The 8 best ads & commercials that tell a story

Storytelling hacks for your marketing

There are some key ways to optimize your storytelling in business. Because you likely won’t have the attention span to get through a large tome of text about why your technical specs are slightly better than your competitor’s technical specs, you’ll have to be quick and efficient with your advertisement storytelling.

So what are some fun, efficient ways to tell extremely short but impactful stories to an audience of people who hate being emotionally manipulated and advertised to? Well, I’m glad you asked!


Everyone absolutely loves to pretend like the past was better than it actually was. Things like dial-up internet and landline phones are reflected back on as “fun, whimsical times” instead of “horribly irritating technological nightmares.” Our innately human ability to make terrible, outdated things seem amazing in hindsight means that a storytelling appeal to nostalgia can be quite effective.

Internet Explorer really pulled out the big nostalgia guns in a recent commercial.

The 90s were strong with this one, and it worked. While Internet Explorer may be terrible as a web browser, it’s hard to deny the storytelling power of this nostalgia bait. This relies on the power of evoking emotion and engaging with the viewer in a way that captures their memories and a shared sense of kinship through the power of storytelling.

Is it an effective strategy in evoking emotion? Absolutely.

But we’re still never going to use Internet Explorer.

If there’s one thing that people love, it’s seeing old recognizable franchise characters in soda commercials. And boy, did Mountain Dew dew-liver.

Coming-of-age tales

Growing up (or, god forbid, growing old) is a reality that science has yet to fully eradicate, no matter how many anti-aging products Dove releases. The emotional journey is one that literally everyone can relate to because time is relentless and comes for us all.

As depressing as that sounds, don’t worry. Capitalism is equally as relentless! These advertisements capitalize on the familiar coming-of-age trope in their marketing storytelling.

Starcraft II, the game everyone’s little brother played at some point, uses the traditional “kid grows up and becomes a man” story in their ad. Yes, it’s a bit tongue-in-cheek, but it fits the theme.

In this confusingly long car advertisement, a woman says goodbye to her childish ways upon turning 30 and… buys a Fiat. The point, presumably, is that owning a car is the ultimate symbol of maturity and put-togetherness. While this premise is debatable, the advert uses the coming-of-age trope in a silly way that sends a clear message (that message, of course, is that you have to buy a Fiat to be a real adult).


Humor is one of the best ways to engage people in your content. It’s quick, snappy, and has a quick payoff. It’s easy to tell a story through the language of humor because humor keeps your audience’s interest longer than some self-serving, self-congratulatory spiel about your toothpaste or your amazing, feature-rich storytelling platform or whatever.

Humor example: Dumb Ways to Die

Train safety is important, but, like all safety matters, it is not inherently interesting. ​ Few people want to spend their precious free time watching PSAs on safety subjects, and even fewer people want to share them with their friends, watch them repeatedly, or engage with that kind of educational content more than absolutely necessary.

And that makes this Metro Trains Melbourne video about safety all the more impressive. Not only did the Dumb Ways to Die video absolutely dominate our Youtube feeds in 2012 (with over 245,000,000 views!), but it also managed to teach us a thing or two about train safety.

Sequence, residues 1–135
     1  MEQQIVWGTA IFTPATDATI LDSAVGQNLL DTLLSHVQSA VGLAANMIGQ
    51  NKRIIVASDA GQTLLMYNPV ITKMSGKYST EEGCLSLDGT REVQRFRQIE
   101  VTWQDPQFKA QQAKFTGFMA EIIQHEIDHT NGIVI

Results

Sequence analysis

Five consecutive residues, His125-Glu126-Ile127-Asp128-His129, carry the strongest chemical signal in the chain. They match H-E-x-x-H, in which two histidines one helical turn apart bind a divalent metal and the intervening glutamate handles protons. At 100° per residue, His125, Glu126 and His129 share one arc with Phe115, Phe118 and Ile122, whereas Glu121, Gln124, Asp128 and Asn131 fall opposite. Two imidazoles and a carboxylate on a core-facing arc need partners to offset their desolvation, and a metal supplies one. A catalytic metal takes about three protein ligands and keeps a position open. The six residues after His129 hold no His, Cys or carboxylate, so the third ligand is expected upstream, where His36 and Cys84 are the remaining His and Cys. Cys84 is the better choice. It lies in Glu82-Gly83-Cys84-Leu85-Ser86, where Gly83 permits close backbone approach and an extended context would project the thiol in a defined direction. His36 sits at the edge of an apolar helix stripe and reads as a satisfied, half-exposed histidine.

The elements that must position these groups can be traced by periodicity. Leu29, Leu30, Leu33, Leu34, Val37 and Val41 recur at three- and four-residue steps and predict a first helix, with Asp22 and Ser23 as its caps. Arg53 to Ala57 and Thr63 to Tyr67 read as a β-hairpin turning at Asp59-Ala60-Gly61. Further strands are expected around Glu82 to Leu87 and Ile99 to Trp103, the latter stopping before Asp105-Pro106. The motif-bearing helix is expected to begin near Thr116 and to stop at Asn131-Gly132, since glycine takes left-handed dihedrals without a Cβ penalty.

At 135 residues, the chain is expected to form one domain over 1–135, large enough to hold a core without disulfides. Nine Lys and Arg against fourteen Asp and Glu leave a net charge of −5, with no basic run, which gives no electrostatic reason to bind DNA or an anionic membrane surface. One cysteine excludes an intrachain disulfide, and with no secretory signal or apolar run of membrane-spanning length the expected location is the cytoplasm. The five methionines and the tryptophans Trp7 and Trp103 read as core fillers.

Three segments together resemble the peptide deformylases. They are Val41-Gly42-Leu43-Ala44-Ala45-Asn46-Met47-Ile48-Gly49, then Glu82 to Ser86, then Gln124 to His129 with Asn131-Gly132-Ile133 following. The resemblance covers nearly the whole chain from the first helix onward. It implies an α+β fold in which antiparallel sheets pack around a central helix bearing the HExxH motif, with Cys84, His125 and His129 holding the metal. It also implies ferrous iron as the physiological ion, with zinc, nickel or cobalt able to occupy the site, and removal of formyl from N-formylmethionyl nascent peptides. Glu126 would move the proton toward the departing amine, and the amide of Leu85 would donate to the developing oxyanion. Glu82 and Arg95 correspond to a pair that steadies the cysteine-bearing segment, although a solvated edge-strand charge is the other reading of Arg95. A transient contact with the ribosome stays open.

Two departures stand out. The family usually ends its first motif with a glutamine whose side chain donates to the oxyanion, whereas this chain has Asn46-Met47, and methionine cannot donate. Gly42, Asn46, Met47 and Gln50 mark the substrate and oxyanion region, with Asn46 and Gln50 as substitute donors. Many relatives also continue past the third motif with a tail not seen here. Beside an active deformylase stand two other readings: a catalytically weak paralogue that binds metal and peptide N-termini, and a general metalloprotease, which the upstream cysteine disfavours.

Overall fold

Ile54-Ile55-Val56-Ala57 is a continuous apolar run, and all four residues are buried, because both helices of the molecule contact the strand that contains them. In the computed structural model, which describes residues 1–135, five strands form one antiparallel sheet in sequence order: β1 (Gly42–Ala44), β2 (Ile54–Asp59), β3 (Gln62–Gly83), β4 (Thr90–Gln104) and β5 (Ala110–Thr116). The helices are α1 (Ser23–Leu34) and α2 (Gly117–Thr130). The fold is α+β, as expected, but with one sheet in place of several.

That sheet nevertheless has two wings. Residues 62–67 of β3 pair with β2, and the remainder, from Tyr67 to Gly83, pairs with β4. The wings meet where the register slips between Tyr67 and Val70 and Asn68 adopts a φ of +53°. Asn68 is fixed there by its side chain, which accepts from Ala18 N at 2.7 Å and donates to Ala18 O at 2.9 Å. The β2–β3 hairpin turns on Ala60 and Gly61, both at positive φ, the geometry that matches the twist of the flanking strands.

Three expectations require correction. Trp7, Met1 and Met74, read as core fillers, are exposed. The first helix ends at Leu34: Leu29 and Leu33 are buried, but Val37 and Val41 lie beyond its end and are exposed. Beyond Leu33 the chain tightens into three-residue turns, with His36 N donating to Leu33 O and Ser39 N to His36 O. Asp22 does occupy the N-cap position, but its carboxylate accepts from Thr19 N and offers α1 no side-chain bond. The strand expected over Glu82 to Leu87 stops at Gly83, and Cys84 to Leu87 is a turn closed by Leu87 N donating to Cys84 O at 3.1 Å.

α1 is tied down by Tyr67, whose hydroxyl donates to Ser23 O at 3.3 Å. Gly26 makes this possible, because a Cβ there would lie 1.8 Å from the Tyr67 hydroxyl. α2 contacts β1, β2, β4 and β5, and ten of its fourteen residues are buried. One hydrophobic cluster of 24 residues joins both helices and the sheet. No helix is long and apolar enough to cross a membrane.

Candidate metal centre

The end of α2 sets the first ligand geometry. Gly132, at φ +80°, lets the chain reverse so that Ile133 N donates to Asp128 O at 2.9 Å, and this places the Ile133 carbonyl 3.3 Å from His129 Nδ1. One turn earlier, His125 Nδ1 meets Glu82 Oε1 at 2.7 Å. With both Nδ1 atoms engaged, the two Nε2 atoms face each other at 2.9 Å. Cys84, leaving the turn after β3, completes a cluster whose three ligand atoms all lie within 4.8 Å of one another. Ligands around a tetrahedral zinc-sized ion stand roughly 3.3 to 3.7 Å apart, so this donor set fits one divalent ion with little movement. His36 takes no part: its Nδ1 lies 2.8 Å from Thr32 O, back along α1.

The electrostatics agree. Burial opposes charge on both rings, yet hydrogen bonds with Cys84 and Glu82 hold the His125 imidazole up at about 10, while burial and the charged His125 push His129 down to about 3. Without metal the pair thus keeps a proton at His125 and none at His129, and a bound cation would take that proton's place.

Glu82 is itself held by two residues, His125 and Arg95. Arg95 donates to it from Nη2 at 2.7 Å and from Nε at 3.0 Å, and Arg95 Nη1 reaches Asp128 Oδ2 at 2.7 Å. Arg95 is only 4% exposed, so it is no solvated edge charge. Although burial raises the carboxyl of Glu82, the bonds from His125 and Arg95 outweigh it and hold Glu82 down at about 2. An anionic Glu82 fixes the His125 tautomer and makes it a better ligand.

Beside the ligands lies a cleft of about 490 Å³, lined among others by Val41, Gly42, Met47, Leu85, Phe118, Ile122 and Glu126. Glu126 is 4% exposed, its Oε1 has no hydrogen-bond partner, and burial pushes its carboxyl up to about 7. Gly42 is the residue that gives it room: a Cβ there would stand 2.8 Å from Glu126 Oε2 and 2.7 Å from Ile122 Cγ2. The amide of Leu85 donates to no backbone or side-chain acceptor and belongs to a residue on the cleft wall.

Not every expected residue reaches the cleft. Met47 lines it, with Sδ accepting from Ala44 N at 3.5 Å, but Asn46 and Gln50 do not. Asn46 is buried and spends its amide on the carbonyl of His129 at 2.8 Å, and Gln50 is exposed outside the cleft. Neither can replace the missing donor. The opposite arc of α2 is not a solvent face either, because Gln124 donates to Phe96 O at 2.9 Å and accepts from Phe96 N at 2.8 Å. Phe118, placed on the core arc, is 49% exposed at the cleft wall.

Signal is a cheeky, privacy-first competitor for other messaging apps like WhatsApp, and they love to make fun of Big Tech. This is effective brand storytelling for many reasons. They could simply say, “yeah, your stuff is encrypted. It’s cool. Just trust us.” Instead, they throw Marky Zuk under the bus by laughing at how hypocritical it is for Facebook to sell all of our data while their CEO is using a competitor to protect his own precious data. This is makes for a hilarious, compelling and slightly infuriating story.

A strong emotional response

Storytelling, at its core, is about evoking emotion and resonating with the audience.

Strong Emotional Response Example: #LikeAGirl campaign

The brand Always ran a hugely successful Superbowl ad where they challenged the conception that people have about doing things “like a girl”.

The ad does an effective job of examining why people negatively associate the phrase “like a girl” and encourages the viewer to question why it is often ridiculed or diminished. It’s a compelling and evocative advertisement and a masterclass in challenging audiences in just a few minutes.

Strong Emotional Response Example #2: Children’s Defense Fund

Non-profits often have to rely heavily on strong emotional messages to get people mobilized about their cause. This can be tricky because there’s a fine line between making people feel motivated to donate or volunteer and making people feel depressed and discouraged (I’m looking at you, Sarah Mclachlan dog commercials). Tugging on heartstrings can be effective, but it can also be written off as emotionally manipulative.

The Children’s Defense Fund does a great job of showing the causal relationship between cutting children’s funding and future increases in homelessness. It can be difficult to demonstrate the future effects of policy, and the Children’s Defense Fund took a creative and poignant approach.


Storytelling is powerful. In a world with billions of advertisements, stand out from the crowd by learning the power of telling great stories. Unless you sell cement mixers. Then just do whatever you want.

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